People of Northwest Public Radio
Northwest Coal Export
Mon November 12, 2012
Coal Export Opponents Seek Broader Environmental Impact Study
Government regulators want to know how exporting coal from Northwest ports could affect the environment. They are looking at several projects individually. A lot of people want them to conduct one big study. They want to know how the entire region would be affected if all the coal export terminals are built.
People have been standing in line and taking numbers to get a chance to comment on a coal export terminal that could be built near Bellingham, Washington.
Commercial fisherman Rich Blanc was one of about a thousand people who came to a hearing in the nearby town of Mount Vernon.
Blanc: “We’re trying to do what we can to get the environmental impact statement to be broadened to include to where the coal is mined in the Powder River Basin in Wyoming, by train to Bellingham and then to China.”
An Environmental Impact Statement is supposed to uncover the ways a project could hurt people and their environment.
Government officials are creating one for the export terminal near Bellingham.
They could do more than that.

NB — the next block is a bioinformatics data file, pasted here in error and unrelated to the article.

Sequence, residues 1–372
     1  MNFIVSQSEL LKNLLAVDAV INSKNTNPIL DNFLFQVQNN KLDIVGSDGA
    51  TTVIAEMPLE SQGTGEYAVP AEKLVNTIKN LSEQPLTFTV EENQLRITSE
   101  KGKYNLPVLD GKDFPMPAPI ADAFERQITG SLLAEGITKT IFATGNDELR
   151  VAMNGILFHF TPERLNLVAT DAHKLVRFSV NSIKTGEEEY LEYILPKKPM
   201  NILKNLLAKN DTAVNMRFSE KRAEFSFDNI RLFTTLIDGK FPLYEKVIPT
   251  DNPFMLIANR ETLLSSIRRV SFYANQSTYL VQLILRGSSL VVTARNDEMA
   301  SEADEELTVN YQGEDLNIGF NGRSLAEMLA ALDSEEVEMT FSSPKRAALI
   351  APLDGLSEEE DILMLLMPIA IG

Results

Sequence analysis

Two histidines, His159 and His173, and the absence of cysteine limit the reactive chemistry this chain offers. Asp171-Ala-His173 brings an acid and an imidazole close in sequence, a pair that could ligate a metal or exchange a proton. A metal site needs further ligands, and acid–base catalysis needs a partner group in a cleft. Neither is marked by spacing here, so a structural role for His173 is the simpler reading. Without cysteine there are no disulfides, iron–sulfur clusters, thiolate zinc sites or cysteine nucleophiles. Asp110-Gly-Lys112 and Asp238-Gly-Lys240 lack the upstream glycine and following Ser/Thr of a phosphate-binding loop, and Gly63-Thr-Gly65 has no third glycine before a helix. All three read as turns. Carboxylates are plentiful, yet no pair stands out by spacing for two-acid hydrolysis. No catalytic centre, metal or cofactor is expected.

A federal environmental law allows environmental studies to reach beyond a single project.
Hundreds of people would like to see one big Environmental Impact Statement that covers all five export projects.
They want that big study to look at the impact of trains covering hundreds of miles as they pass through Eastern Washington and work their way to the export terminals.
Those terminals are proposed for locations that run from Oregon’s south coast, to ports on the Columbia River to Puget Sound.
David Gesl is with the Northwest District of the Army Corp of Engineers.
He says a regional study usually is restricted to a single watershed and to the activities the Army Corps regulates.
Gesl: “We don’t regulate rail traffic. We’re regulating the discharge of fill into the waters of the United States as well as the structures themselves for it. So the connection has to be between those actions rather than the larger more distantly related activities.”
Gesl says Army Corps leaders in the Northwest could ask for a regional study.
Approval would have to come from the Army Corps headquarters in Washington D.C.
Copyright 2012 Northwest Public Radio